Patients with asthma are at 2 times greater risk for pneumococcal disease, compared with individuals without the condition, warned researchers. A vaccine is available for pneumococcal disease. Current guidelines, however, do not include asthma on the list of conditions for which people need the vaccine, because there has been no proof of an increased risk in patients with asthma.
To show that patients with asthma are at risk for infection, researchers identified 635 individuals aged 2 to 29 with invasive pneumococcal disease. The researchers also identified participants as having either high-or low-risk asthma. The study excluded children <2 because it is hard to diagnose asthma in children so young. Adults >49 were not included because they might have had other lung disease, making it difficult to pinpoint asthma without extensive testing.
Reporting in the New England Journal of Medicine (May 19, 2005), the researchers found that the overall risk for pneumococcal infection was 2.4 times higher for patients with chronic asthma. The occurrence of invasive pneumococcal disease was 4.2 episodes per 10,000 participants with high-risk asthma and 2.3 per 10,000 for those with low-risk asthma and no other chronic diseases. For individuals without asthma, the rate was 1.2 per 10,000.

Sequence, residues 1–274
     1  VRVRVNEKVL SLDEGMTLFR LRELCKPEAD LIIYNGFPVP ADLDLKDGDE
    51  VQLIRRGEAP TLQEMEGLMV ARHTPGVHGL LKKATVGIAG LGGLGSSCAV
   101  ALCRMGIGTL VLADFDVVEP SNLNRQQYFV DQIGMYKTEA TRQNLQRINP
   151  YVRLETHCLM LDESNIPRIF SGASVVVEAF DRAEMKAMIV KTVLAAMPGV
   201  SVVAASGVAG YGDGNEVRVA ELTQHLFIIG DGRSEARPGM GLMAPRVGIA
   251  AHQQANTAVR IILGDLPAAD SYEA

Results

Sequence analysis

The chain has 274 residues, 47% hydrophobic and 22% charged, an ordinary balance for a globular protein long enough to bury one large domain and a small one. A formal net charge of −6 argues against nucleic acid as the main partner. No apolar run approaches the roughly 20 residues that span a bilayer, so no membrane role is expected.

One study linked multiple pregnancies to an increased risk of developing atrial fibrillation later in life, and another investigated the association between premature delivery and cardiovascular disease.
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